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Proteomic Characterization of Induced Developmental Neurotoxicity
Uppsala University, Disciplinary Domain of Medicine and Pharmacy, Faculty of Pharmacy, Department of Pharmaceutical Biosciences.
2009 (English)Doctoral thesis, comprehensive summary (Other academic)
Abstract [en]

The developing brain goes through a number of developmental periods during which it displays an increased sensitivity to exogenous disturbances. On such period is the so called “Brain growth spurt” (BGS) which in humans takes place starting from the third trimester of pregnancy and throughout the first few years of life. The corresponding period in rats and mice is the first postnatal weeks. Exposure to relatively modest concentrations of the brominated flame retardant PBDE-99 during the second week of life in mice causes a more or less permanent impairment in the ability of the animals to adjust properly to environmental changes at adulthood. This “late response on early exposure” reflects the long-term consequences of disrupting the developing brain during a sensitive time period.

The cellular mechanisms underlying the behavioral effects are far from clear. To address the initial damage occurring around the time of exposure, the approach used in this thesis is to use proteomics to analyze the effects of PBDE-99 on protein expression soon (24 hours) after exposure of the neonatal mouse on postnatal day (PND) 10.The thesis comprises the effects on the proteome in three distinct brain parts: cerebral cortex, striatum and the hippocampus. In addition, an in vitro model was developed and used to evaluate the PBDE-99 effects on cultured cerebral cortex cells from embryonic rat brains.

Gel-based proteomics (2D-DIGE) coupled to MALDI- or ESI-MS has been used throughout for the proteomics experiments, but other techniques aimed at analyzing both proteins and mRNA have also been used to better characterize the effects.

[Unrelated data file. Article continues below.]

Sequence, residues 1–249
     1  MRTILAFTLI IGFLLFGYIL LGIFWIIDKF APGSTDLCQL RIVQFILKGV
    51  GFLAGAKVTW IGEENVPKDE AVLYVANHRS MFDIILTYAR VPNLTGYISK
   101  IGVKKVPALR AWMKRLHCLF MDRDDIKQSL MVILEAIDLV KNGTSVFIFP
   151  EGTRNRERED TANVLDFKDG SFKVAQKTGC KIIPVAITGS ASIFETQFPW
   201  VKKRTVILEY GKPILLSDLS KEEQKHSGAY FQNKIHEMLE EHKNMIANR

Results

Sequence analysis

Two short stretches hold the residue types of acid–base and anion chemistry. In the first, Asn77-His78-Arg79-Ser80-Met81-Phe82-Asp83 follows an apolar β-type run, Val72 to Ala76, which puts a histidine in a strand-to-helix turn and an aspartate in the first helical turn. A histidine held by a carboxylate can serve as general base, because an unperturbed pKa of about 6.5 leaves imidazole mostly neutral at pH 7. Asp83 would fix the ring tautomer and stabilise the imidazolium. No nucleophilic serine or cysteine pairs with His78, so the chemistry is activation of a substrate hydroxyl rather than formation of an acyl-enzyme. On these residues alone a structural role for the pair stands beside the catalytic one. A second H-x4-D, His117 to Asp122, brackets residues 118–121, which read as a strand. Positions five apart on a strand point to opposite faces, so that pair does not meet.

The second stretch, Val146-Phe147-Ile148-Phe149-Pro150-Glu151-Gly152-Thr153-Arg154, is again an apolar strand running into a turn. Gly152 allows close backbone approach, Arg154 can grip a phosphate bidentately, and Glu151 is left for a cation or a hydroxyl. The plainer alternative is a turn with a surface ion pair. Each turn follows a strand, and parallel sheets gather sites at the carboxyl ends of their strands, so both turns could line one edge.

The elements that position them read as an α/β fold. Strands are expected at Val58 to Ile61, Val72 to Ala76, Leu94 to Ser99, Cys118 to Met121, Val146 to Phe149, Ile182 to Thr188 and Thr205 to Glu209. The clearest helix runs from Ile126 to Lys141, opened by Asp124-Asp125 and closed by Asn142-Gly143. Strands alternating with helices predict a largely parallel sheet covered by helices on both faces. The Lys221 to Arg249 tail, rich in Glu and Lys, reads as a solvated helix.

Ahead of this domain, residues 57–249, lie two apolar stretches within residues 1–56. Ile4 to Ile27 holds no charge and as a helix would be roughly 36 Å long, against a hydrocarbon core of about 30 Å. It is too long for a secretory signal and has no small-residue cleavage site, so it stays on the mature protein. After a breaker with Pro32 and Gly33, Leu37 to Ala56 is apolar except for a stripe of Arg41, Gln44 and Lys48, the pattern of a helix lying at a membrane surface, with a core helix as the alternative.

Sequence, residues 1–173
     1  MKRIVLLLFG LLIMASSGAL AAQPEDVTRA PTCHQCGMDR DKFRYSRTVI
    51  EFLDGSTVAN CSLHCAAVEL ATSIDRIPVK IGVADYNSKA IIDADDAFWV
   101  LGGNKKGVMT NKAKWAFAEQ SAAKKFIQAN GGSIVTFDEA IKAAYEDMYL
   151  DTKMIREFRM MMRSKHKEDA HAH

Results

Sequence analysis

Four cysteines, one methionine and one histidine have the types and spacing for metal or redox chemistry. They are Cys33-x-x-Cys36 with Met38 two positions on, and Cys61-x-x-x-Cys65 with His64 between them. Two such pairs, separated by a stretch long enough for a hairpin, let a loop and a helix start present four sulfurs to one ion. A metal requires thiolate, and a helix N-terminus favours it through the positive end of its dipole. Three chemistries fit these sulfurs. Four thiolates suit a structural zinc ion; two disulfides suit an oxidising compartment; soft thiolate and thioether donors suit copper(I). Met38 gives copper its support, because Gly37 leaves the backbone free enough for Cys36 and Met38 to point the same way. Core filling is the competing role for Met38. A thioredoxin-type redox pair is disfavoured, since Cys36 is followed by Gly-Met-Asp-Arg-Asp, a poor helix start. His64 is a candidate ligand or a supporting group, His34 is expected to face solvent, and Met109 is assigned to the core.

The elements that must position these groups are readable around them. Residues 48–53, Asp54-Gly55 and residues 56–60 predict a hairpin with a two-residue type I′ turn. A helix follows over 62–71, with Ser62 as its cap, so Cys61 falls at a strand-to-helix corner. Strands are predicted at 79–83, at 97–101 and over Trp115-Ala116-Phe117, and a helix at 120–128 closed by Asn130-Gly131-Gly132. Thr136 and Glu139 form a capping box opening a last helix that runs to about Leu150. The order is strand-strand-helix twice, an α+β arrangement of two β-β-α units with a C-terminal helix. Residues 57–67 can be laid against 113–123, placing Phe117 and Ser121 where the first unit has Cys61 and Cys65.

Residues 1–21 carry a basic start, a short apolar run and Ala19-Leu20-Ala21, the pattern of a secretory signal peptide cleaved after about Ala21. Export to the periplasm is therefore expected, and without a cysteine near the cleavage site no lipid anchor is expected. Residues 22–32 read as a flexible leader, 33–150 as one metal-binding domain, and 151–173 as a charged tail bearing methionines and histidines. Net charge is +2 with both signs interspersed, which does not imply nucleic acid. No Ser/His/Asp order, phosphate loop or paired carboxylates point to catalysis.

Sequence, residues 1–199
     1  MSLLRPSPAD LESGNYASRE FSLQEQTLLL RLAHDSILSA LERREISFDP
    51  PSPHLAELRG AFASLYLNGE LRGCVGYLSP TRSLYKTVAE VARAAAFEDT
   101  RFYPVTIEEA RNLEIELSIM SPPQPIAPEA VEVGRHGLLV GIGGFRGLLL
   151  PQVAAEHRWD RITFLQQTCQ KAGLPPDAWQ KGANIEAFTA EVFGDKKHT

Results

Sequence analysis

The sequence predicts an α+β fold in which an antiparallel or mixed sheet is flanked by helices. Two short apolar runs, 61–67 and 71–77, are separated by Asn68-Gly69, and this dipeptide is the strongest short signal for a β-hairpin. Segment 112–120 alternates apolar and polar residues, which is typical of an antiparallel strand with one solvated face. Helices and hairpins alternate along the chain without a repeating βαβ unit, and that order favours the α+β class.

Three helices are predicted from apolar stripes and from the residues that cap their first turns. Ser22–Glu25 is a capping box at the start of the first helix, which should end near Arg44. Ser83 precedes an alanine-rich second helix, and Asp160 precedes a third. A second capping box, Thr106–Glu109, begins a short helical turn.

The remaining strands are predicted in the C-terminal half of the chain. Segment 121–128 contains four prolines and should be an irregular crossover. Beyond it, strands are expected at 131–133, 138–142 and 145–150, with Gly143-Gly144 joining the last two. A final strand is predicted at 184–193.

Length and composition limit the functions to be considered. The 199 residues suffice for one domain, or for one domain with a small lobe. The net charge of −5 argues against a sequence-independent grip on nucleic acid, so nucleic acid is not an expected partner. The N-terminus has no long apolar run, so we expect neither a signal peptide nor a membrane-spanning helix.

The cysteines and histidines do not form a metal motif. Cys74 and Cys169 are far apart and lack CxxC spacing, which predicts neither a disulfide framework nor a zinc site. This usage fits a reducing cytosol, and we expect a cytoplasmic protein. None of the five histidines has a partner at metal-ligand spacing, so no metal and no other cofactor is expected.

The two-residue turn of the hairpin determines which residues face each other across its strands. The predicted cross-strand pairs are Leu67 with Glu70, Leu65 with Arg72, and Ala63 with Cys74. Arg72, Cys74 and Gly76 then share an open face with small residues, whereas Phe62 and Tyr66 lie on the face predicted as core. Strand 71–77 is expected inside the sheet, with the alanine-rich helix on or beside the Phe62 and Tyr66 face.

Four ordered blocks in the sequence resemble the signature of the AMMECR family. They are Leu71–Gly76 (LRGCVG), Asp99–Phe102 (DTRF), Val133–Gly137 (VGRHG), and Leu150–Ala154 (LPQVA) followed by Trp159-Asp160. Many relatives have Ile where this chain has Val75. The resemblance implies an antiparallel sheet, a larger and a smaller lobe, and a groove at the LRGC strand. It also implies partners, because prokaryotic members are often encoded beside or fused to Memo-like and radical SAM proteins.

Even if the protein complements expressed by the different brain parts and separated with 2D-DIGE are seemingly similar, the effects are apparently specific for the different brain regions. In hippocampus, PBDE induces effects on proteins involved in metabolism and energy production, while the effects in striatum point towards effects on neuroplasticity.

PBDE-99 changes the expression of cytoskeletal proteins in the cerebral cortex 24 hours after exposure. Interestingly, in vitro exposure of cerebral cortex cells to a PBDE-99 concentration in the same order of magnitude as in the in vivo neonatal brain also induces cytoskeletal effects, in the absence of cytotoxicity. This may suggest effects on regulatory aspects of cytoskeletal dynamics such as those involved in neurite sprouting.

This thesis also addresses the problems involved in presenting proteomics data. Many of the available methods and approaches for presenting transcriptomics data are not suitable for isoform rich protein data. Modifications of existing methods and the development of a new approach (DEPPS) is also presented. Most importantly, the thesis presents the application and usefulness of proteomics as hypothesis generating techniques in neurotoxicology.

Place, publisher, year, edition, pages
Uppsala: Acta Universitatis Upsaliensis , 2009. , p. 82
Series
Digital Comprehensive Summaries of Uppsala Dissertations from the Faculty of Pharmacy, ISSN 1651-6192 ; 99
Keywords [en]
Proteomics, Brain Development, Neurotoxicity, 2D-DIGE, Brain Growth Spurt, Polybrominated Diphenyl Ether, Neonatal, Striatum, Hippocampus, Cerebral Cortex, Parkinsonism, Dyskinesia
National Category
Pharmacology and Toxicology
Research subject
Toxicology
Identifiers
URN: urn:nbn:se:uu:diva-99652ISBN: 978-91-554-7528-4 (print)OAI: oai:DiVA.org:uu-99652DiVA, id: diva2:212103
Public defence
2009-06-03, B21, Husargatan 3, Uppsala, BMC, 09:15 (English)
Opponent
Supervisors
Available from: 2009-05-13 Created: 2009-03-18 Last updated: 2018-01-13Bibliographically approved

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